8. In formulating treatment plans for the most severe cases, make sure that the patient and family and friends understand the risk/benefit ratio and agree with the plan. Shared decision making can allay concerns about drug toxicity and adverse effects and encourage compliance with treatment.
9. Management of NPSLE requires a team approach, including the rheumatologist, neurologist, psychiatrist, neuropsychologist, oncologist, and primary care physician, to formulate a proper diagnosis and treatment plan. Because there is no “gold standard” diagnostic test or biopsy, both overdiagnosis and underdiagnosis are inevitable; this varies with the confidence and experience physicians have in dealing with NPSLE.
10. Even if a clinician has vast experience, there will be some degree of uncertainty. If a proactive approach is taken, clinical judgment usually leads to appropriate diagnosis and treatment in most patients. The need for appropriate treatment is substantiated by prospective data that show that NPSLE is associated with a poor clinical outcome, recurrence, and a 10% chance of death resulting from the NPSLE involvement. Despite advances in treatment since 1950, organ damage in NPSLE has not been reduced, and concerns have been raised that total damage in NPSLE will continue.22
1. Osler W. On the visceral complications of erythema exudativum multiforme. Am J Med Sci.1895;110:629-646.
2. American College of Rheumatology Ad Hoc Committee on Neuropsychiatric Lupus Nomenclature. The American College of Rheumatology nomenclature and case definitions for neuropsychiatric lupus syndromes. Arthritis Rheum. 1999;42:599-608.
3. Yee CS, Farewell V, Isenberg DA, et al. British Isles Lupus Assessment Group 2004 index is valid for assessment of disease activity in systemic lupus erythematosus. Arthritis Rheum. 2007;56:4113-4119.
4. Hanly JG. Neuropsychiatric lupus. Rheum Dis Clin North Am. 2005;31:273-298, vi.
5. Greenwood DL, Gitlits VM, Alderuccio F, et al. Autoantibodies in neuropsychiatric lupus. Autoimmunity. 2002;35:79-86.
6. Arinuma Y, Yanagida T, Hirohata S. Association of cerebrospinal fluid anti-NR2 glutamate receptor antibodies with diffuse neuropsychiatric systemic lupus erythematosus. Arthritis Rheum. 2008;58:1130-1135.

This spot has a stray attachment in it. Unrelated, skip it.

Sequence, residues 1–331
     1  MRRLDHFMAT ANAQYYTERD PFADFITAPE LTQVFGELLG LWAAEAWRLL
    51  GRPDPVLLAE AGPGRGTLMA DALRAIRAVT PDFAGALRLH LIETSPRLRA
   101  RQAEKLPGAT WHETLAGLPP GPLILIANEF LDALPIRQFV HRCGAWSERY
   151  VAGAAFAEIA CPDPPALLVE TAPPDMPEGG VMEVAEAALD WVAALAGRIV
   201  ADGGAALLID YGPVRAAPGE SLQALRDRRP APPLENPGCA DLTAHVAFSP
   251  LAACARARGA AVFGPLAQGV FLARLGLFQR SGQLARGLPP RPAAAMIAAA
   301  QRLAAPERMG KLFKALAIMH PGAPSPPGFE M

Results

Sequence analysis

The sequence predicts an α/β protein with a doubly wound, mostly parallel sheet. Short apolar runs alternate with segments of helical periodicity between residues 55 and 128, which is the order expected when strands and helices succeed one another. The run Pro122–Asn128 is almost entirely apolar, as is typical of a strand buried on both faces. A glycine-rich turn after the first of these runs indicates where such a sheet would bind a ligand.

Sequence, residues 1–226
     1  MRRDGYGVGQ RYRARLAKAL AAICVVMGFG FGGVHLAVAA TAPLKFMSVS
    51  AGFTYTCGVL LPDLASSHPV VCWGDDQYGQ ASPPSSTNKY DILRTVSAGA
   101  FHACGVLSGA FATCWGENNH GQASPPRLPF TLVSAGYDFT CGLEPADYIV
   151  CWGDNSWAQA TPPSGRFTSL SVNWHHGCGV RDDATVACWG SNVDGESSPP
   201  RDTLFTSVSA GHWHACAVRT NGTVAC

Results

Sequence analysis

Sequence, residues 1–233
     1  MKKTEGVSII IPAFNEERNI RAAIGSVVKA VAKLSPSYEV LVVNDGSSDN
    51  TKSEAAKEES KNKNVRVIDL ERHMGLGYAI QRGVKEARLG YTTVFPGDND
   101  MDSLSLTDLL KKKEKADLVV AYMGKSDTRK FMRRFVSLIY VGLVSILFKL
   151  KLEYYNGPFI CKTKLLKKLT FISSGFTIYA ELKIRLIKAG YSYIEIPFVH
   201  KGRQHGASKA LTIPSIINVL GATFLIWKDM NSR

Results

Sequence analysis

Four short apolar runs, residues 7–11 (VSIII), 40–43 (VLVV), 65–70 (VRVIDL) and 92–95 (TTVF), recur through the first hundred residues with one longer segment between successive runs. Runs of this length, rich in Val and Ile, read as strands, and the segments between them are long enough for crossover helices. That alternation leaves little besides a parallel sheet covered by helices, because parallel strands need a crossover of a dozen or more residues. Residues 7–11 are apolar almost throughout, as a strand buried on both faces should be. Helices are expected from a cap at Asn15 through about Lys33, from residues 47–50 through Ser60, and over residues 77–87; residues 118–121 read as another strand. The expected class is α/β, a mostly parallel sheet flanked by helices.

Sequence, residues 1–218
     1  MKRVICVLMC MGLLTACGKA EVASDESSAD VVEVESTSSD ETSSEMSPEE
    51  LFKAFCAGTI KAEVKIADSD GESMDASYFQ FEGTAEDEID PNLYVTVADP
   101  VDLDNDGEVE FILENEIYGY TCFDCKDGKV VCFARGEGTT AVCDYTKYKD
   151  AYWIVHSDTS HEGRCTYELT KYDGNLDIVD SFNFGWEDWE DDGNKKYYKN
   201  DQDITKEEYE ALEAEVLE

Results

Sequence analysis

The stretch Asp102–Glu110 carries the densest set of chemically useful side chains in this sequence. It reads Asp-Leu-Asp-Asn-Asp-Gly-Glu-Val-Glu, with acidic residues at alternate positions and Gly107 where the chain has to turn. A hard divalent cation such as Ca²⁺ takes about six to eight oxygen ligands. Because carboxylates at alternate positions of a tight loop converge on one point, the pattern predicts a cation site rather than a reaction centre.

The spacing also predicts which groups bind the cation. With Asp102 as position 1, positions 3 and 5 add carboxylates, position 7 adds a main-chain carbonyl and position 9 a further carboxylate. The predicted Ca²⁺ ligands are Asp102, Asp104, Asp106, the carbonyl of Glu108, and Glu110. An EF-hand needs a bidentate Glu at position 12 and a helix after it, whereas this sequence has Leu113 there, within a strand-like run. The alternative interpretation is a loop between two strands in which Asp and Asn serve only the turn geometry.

7. Fragoso-Loyo HE, Cabiedes J, Orozco-Narvaez A, et al. Paired analysis of autoantibodies, cytokines and chemokines in cerebrospinal fluid (CSF) of SLE patients with central neuropsychiatric manifestations (cNPSLE) with and without associated factors. Arthritis Rheum. 2008;58(suppl):S636.
8. Lefranc D, Launay D, Dubucquoi S, et al. Characterization of discriminant human brain antigenic targets in neuropsychiatric systemic lupus erythematosus using an immunoproteomic approach. Arthritis Rheum. 2007;56:3420-3432.
9. Petri M, Stohl W, Chatham W, et al. Association of plasma B lymphocyte stimulator levels and disease activity in systemic lupus erythematosus. Arthritis Rheum. 2008;58:2453-2459.
10. Singhal AB, Kimberly WT, Schaefer PW, Hedley-Whyte ET. Case records of the Massachusetts General Hospital. Case 8-2009: a 36-year-old woman with headache, hypertension, and seizure 2 weeks post partum. N Engl J Med. 2009;360:1126-1137.
11. Hirohata S, Miyamoto T. Elevated levels of interleukin-6 in cerebrospinal fluid from patients with systemic lupus erythematosus and central nervous system involvement. Arthritis Rheum.1990;33:644-649.
12. Hanly JG. New insights into central nervous system lupus: a clinical perspective. Curr Rheumatol Rep. 2007;9:116-124.